“What the hell is wrong with these people?” he’d say.
I wonder what he’d say about Donald Trump? (Answer: Though a lifelong Republican, he would see Trump for the vacant, lethal suit that he is, though I’m not sure he would have been 100% supportive of a woman in the Oval Office.)
Dad expected everyone to meet him halfway. If you did, you’d be more than welcome and you’d connect with a powerful though quiet ally and make a friend for life. If you didn’t, well, there’s the door.
Though in possession of strong ideas, unless asked Dad kept his opinions to himself. Drawing upon his Germanic upbringing, he had a solid construct for life.
“Use it up, wear it out. Make it do, or do without” formed his conservative underpinning that, in later slightly eccentric years, led him to meticulously separate two-ply tissues to get more mileage out of a box of Kleenex as he watched his beloved Red Sox yet again fall short of a World Series title.
Conserving was a game to him, and we were all expected to play.
My three sisters and I grew up in a home with a party telephone line that was shared with the family business. At young ages we learned to distinguish “the business ring from the home ring” – long and short bursts – and we were reminded to keep our conversations short to avoid tying up the line. As my sisters reached the teenage years, an egg timer appeared on the phone stand, providing the world’s first two-minute warning.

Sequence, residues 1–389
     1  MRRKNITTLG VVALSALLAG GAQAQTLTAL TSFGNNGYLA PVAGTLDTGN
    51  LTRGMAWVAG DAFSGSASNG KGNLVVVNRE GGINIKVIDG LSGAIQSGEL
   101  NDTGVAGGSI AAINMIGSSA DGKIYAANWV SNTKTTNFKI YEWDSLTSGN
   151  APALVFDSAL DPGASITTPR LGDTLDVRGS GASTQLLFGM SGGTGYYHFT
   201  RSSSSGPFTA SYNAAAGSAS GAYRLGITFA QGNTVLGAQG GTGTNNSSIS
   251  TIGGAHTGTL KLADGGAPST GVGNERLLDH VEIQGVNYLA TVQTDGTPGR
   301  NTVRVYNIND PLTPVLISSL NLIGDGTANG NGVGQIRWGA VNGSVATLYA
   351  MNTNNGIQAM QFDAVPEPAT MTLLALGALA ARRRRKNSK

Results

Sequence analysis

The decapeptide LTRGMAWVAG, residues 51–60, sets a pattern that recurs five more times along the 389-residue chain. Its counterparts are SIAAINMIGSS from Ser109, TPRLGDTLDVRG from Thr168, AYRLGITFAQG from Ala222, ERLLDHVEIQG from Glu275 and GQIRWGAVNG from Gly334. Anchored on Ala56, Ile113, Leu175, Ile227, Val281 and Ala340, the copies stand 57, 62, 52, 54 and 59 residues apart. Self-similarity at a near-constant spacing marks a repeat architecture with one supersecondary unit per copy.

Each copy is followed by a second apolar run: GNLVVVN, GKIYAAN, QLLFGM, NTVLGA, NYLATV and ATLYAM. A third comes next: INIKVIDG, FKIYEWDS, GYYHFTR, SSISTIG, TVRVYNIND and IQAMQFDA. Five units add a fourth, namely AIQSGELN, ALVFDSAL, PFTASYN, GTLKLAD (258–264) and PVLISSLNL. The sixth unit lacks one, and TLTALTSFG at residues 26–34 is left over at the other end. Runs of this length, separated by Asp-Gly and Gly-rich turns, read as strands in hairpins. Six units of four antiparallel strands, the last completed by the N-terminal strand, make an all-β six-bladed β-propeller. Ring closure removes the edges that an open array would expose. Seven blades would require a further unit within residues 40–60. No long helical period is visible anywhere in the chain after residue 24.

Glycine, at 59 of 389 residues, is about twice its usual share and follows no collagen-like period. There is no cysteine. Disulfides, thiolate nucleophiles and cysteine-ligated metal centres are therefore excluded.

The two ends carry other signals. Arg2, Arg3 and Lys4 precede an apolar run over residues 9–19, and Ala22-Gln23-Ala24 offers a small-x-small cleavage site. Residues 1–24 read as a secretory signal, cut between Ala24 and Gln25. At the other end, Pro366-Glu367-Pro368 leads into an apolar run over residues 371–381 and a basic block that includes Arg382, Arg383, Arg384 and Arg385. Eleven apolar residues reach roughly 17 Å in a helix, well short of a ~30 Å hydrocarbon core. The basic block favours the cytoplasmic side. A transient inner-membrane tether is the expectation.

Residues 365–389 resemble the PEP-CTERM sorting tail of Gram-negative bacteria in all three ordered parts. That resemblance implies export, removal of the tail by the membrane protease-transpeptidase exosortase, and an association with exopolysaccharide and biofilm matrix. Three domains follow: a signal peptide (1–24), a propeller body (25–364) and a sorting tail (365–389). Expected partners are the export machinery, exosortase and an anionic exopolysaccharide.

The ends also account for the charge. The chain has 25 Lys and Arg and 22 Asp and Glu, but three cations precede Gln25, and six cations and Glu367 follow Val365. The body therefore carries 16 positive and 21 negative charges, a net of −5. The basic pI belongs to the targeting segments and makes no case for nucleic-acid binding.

Dad placed a premium on efficiency and speed in the course of a day’s work. Brevity – of conversations and visits – was his preferred mode. Silence was perfectly fine with him, and he could sit endlessly in a room full of people, watching and listening, speaking only when he had something worthwhile to say.
He and my mother were once asked by an old friend to participate in an on-air cable TV interview entitled “How I Helped Win the War” that examined the roles men and women played during World War II. Dad was a glider pilot who happily never saw battle action but spent his days playing bridge, waiting for a light to flash to call him to his engineless plane to take troops into battle. Mom stayed at home and helped keep the family business alive while the boys were at war.
The light never flashed, and Dad, a gifted bridge player, made enough dough off his chums for a down payment on the first family home when he returned from the war. Other than antics he and his flying buddies pulled from time to time, his war memories were limited to behind the scenes downtime, mostly waiting for something to happen.
As the interview began, Mom had a ton to say.
Dad scratched his head and instantly started looking at his watch.
Since talking wasn’t his strong suit, Dad didn’t teach. He demonstrated. And if actions speak louder than words, he was the bullhorn for instructing his adoring son.
I learned the importance of taking action by watching him bound up the cellar stairs two at a time at the family business. I learned the importance of hard work by watching him labor nights and weekends, and I learned the value of saving when, as a child, he directed half my pay into a bank account.